Stanza 3. Emily now thinks about the hillsides and the forests. She loves both settings yet determines to keep them in the dark. It seems that if she doesn’t tell the hillsides about it, they won’t tell the forests. Perhaps they’ll think she doesn’t love them anymore? Or perhaps the hillsides and forests will die of sorrow?

The verb ‘rambled’ has more than one meaning. It could mean rambling around in the woods, as well as the rambling of Emily’s voice speaking freely to the trees and hillsides. Not to ramble anymore would be a great loss for them and for her. Here she can speak out loud freely and directly. Yet she isn’t going to tell them the day she’ll “go.”

Stanza 4. Finally, Emily has no intention of talking about this at “the table,” which I take to be her family circle. Not even in what we might call baby talk that’s less than clear. She’s also determined not to suggest that “within the riddle” is a hint that “One will walk to-day!”

The last stanza seems to have two meanings: one about her family circle; the other about the poem itself. Which has me wondering whether this is ‘only’ a riddle, or a veiled clue to her unhappiness and desire, if not clear intention, to “walk to-day.” To die to her family and her beloved garden, and never return. A form of death no matter how you read the poem.

I don’t know whether Emily wrote this poem before or after she wrote I Years had been from Home. I do know these are the words of a woman in distress who chooses to tell the truth but tell it slant.

Yes, my heart goes out to her. Emily has a level of courage I haven’t often seen or heard in this life.

Thanks for visiting and reading, and leaving your own interpretive comments or questions if you’d like.

©Elouise Renich Fraser, 29 July 2018
Photo found at

bright ruffled poppies

bright ruffled poppies
dance along the garden wall
bowing and nodding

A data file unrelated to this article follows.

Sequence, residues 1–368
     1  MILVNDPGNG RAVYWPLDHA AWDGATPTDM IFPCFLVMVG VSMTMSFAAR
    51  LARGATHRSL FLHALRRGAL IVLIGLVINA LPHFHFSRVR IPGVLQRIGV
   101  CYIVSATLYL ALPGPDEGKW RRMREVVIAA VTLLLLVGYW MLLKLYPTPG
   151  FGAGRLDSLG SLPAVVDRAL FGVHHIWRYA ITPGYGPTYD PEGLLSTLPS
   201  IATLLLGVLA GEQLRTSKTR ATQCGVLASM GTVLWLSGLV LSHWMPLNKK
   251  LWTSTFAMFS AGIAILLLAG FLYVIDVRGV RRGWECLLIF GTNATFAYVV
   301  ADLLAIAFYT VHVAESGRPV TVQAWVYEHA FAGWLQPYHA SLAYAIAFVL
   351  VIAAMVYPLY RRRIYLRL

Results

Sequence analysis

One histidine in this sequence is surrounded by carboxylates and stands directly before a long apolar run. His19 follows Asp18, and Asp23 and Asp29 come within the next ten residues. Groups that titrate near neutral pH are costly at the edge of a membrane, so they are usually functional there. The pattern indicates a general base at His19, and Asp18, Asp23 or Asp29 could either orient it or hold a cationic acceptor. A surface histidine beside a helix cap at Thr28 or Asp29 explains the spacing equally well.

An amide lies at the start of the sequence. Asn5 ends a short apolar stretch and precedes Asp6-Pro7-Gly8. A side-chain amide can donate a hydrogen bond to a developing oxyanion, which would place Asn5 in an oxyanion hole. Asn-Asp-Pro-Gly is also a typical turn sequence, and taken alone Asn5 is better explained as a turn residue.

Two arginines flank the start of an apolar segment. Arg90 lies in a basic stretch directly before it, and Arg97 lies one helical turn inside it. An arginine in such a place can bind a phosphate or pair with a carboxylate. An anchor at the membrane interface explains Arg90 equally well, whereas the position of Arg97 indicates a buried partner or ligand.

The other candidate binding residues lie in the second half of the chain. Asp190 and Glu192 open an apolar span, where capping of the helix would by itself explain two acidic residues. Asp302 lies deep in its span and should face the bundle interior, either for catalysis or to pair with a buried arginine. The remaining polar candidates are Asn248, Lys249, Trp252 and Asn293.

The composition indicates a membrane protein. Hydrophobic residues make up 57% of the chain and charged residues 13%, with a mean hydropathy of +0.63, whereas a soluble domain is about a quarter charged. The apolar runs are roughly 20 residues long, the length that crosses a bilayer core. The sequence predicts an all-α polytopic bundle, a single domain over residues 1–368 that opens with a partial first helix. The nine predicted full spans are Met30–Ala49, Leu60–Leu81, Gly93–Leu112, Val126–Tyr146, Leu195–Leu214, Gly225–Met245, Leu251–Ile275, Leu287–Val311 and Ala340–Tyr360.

Here’s to the women in my life who mothered me along the way! You didn’t even know you were doing it. Sometimes I didn’t know, either. I’ll never forget the friend who invited me to a makeup demo. I’ve never been a big makeup fan. It was the devil’s paint when I was growing up–also a sad and sorry sign of being a ‘loose’ woman.

Nonetheless, by the time I got to the seminary as a professor in the early 1980s, I was in dire need of mothering. This little makeup demo was a tiny step that helped give me more confidence than I ever had as a child, teenager, or young adult.

Along with the makeup demo came a little tutorial on colors that would complement my summer beauty! Imagine that…thinking of myself as a ‘summer.’ Even more spectacular, these two little tips became the foundation of everything I wore or gently applied to my face. Colors that actually made me happy to look in the mirror.

Then there was my emotional/physical/spiritual storm during the late 1980s and 1990s. This time it wasn’t about what was on the outside. It was about what was eating me away on the inside. It took a while to get there, but in the early 1990s I met a gifted psychotherapist who actually listened to me and wanted to hear about my life. Without meaning to, she mothered me for decades, and still plays a role in my life. Encouraging me through this last chapter.